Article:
New research finds that young women who get the HPV vaccination gain substantial protection against infection in three parts of the body if they haven’t already been exposed to the human papillomavirus.
HPV is an infection that can separately infect the cervical, anal, or oral sites, where it can occasionally lead to cancer. Studies demonstrate that the HPV 16/18 vaccine provides protection to all three sites, particularly among women without evidence of HPV exposure prior to vaccination.
The study involved more than 4,100 women in aged 18 to 25. Half were assigned to get the HPV vaccine while the others received an inactive placebo.
The researchers found that the vaccine was 83 percent effective in all three body sites among women without apparent HPV exposure, and 58 percent effective among women who had been exposed to the virus.
Three HPV vaccines are now available. These vaccines — Cervarix, Gardasil and Gardasil 9 — should be given as a series of three shots over six months, according to the U.S. Centers for Disease Control and Prevention.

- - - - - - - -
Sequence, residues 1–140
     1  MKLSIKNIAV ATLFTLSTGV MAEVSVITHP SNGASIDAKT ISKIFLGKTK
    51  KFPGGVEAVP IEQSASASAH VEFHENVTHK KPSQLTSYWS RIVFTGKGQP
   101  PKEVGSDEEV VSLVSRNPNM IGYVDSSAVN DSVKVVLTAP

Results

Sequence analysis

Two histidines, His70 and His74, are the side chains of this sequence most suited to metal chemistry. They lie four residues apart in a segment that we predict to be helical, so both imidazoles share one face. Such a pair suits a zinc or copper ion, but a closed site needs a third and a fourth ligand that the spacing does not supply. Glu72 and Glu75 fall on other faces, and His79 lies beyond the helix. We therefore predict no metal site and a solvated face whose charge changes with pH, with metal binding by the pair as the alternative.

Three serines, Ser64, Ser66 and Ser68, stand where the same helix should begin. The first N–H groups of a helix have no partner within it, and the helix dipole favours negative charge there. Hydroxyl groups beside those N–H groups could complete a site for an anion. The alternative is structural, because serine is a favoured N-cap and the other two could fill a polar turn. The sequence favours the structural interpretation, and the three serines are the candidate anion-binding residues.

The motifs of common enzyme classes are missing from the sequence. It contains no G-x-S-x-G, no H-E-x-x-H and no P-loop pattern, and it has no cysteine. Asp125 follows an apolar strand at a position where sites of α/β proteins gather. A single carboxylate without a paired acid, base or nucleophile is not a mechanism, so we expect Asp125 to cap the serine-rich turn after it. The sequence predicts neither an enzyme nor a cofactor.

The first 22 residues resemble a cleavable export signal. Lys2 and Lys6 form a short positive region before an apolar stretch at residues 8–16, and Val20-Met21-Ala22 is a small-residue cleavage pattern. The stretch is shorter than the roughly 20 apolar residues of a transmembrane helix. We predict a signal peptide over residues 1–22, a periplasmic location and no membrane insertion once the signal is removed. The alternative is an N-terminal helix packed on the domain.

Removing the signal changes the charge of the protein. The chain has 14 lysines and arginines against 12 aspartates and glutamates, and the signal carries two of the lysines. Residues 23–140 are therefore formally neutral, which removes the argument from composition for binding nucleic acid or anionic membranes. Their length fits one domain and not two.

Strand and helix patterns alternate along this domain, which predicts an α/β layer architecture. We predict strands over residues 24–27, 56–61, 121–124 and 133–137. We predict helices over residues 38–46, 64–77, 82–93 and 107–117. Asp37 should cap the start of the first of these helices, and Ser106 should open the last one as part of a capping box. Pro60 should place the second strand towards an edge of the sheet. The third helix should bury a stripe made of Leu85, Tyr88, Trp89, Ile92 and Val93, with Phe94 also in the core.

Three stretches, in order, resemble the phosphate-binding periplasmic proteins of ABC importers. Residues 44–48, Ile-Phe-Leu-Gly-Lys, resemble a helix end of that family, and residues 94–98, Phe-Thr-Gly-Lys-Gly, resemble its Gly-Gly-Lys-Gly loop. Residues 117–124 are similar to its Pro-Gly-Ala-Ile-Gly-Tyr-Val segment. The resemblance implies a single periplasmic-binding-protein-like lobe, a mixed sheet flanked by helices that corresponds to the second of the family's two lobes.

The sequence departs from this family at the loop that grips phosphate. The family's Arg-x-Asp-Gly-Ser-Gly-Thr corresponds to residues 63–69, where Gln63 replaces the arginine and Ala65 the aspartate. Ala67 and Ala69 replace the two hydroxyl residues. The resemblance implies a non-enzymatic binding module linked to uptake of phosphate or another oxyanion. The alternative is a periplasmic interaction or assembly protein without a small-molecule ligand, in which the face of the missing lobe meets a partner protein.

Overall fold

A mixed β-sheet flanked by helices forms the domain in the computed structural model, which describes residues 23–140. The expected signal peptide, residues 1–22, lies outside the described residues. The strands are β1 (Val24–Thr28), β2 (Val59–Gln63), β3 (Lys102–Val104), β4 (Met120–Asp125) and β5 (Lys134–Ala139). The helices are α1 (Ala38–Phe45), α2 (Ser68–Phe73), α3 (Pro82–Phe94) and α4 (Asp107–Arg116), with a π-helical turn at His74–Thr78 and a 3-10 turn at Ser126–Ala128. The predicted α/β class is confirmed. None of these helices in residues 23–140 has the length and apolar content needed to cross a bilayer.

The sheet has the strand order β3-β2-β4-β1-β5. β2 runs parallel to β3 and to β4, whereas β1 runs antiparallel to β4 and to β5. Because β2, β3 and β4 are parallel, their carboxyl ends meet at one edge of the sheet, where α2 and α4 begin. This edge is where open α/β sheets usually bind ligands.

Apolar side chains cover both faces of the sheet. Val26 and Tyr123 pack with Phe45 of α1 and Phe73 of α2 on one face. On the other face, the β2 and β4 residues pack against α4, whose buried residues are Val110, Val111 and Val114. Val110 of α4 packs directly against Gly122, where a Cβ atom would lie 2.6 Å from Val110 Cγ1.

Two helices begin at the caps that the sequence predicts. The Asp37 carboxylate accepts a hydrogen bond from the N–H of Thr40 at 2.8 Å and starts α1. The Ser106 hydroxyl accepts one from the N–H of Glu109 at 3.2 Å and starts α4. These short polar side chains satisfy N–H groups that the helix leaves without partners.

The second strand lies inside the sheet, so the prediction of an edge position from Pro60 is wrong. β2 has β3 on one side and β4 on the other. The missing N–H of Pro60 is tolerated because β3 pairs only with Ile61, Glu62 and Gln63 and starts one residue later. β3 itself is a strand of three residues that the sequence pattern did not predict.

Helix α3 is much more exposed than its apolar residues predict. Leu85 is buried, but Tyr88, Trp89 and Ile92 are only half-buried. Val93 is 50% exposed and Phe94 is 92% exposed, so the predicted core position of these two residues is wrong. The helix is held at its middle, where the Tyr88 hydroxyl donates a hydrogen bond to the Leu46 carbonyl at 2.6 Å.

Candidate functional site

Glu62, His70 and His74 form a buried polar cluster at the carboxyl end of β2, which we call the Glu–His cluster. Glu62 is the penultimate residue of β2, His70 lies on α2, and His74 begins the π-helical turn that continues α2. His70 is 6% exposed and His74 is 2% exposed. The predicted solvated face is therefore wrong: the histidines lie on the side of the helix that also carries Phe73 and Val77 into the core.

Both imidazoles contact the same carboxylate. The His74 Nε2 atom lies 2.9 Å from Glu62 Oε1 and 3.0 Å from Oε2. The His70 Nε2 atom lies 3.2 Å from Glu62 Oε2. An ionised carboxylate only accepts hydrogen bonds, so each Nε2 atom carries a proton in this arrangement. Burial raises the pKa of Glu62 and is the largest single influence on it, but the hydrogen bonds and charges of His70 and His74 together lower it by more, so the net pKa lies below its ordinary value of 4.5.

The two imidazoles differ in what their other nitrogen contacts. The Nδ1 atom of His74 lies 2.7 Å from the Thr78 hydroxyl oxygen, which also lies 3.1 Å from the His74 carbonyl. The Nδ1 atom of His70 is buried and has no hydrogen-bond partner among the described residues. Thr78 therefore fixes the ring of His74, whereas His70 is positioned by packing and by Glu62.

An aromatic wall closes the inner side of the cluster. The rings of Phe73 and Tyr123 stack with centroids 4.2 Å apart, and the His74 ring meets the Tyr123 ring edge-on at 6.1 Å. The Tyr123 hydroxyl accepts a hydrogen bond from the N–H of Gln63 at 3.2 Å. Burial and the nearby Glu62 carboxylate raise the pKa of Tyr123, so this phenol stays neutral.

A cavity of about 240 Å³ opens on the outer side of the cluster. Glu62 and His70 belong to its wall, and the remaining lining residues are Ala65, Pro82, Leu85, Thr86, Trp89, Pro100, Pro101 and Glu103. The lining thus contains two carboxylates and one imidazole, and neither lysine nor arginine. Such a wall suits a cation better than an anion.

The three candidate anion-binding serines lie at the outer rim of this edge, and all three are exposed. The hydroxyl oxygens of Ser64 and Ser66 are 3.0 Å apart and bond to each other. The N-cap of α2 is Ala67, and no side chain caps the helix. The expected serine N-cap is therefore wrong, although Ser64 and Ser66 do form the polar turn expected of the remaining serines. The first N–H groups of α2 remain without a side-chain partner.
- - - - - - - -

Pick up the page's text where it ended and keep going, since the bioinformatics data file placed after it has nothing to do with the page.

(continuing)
U.S. guidelines recommend that girls aged 11 to 12 get the HPV vaccine to help prevent cervical cancer. For someone who hasn’t been vaccinated, guidelines recommend vaccination through the age of 26.
Additionally, Gardasil and Gardasil 9 also protect against genital warts and anal cancer in both females and males, according to the CDC.
Despite these guidelines, only half of females under age 18 have been vaccinated in the United States, the study authors said in the news release. Young women and parents of young women should be more proactive regarding their health and well-being.